Study Guide

Rita Hayworth and the Shawshank Redemption Freedom and Confinement

By Stephen King

Freedom and Confinement

"When you're in a pressure-cooker you learn to live and let live or somebody will carve you a brand-new mouth just above the Adam's apple. You learn to make allowances." (127)

Prison's tough—we get that—but it seems to be just as tough for the guards as it is for the prisoners. They have to allow some flexibility and allow the prisoners to have the occasional nice thing, or else they're going to suffer as much as the prisoners. Freedom and confinement are kind of the same for them, and this not the first time King draws connections between the prisoners and the guards.

When you're in stir, you belong to the state and if you forget it, woe is you." (152)

There's an interesting turn of phrase here. King says "the state," instead of "the warden." It's almost as if the prisoners are being confined by some large inhuman entity instead of actual people. The wardens come and go, but "the state" is there to stay. Not a happy thought.

"Andy simply forced him, the way a strong man can force a weaker man's wrist to the table in a game of Indian wrestling." (181)

This duel of wills has a lot to do with freedom, as Andy tries to score some beers for his fellow prisoners. In this story, freedom is about more than wanting it—you have to be tough enough to earn it, just like Andy Skunk Eye's Hadley into giving him what he wants.

"It lasted twenty minutes, that beer-break, and for those twenty minutes we felt like free men." (191)

What does he want? Beer! But why? Oh right, to pretend you're not chained up in a pit like Shawshank.

"They were there to do hard time, and by God and Sonny Jesus, it was hard time they were going to do." (200)

Don't beat around the bush Steve. What kind of time are they going to do?

"I asked him once what the posters meant to him, and he gave me a peculiar, surprised sort of look. 'Why, they mean the same thing to me as they do to most cons, I guess,' he said. 'Freedom. You look at those pretty women and you feel like you could almost not quite but almost step right through and be beside them. Be free." (221)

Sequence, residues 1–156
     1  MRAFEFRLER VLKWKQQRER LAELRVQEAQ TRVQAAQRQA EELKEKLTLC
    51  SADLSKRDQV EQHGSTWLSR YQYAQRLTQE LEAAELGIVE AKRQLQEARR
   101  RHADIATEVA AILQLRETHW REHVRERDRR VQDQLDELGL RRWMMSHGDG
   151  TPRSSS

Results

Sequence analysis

The symbolism is pretty heavy here as Andy describes what he likes about his pin-up girls. The poster makes him think of freedom, but it also provides him with actual freedom, since it covers up the big hole.

"'I like you right where you are, Mr. Dufresne, and as long as I am warden here at Shawshank, you are going to be right here.'" (309)

Warden Norton is reminding Andy's of how powerless he is in prison. It really doesn't matter to him whether Andy's innocent or not. Norton doesn't like him, so he's going to keep his mouth shut. Period. Confinement seems to come at the whims of colossal jerk.

"'I couldn't do it,' I said. 'I couldn't get along on the outside. I'm what they call an institutional man now." (371)

Red is "institutionalized," meaning he can't survive on the outside world. Prison, it seems is more than a place—it's a state of mind. Of course, if that's true, then you can overcome it with the power of positive thinking like Andy does.

"He'd had the key under the rock in Buxton to worry about for years. Now he had to worry that some eager-beaver new guard would look behind his poster and expose the whole thing." (488)

Andy has to worry a lot about things he can't do anything about. That's as apt a description of confinement as you can find. Even those of us on the outside have to worry about stuff that's out of our control a lot. It's almost as if King wants us to remember the whole "prison in your mind" stuff and how it might apply to us…

"The part of you that knows it was wrong to imprison them in the first place rejoices, but still, the place where you live is that much more drab and empty for their departure." (505)

Someone else's freedom seems to make Red happy, even if it confines him a little more. That's what makes Red a good guy, despite the whole killing-his-wife thing.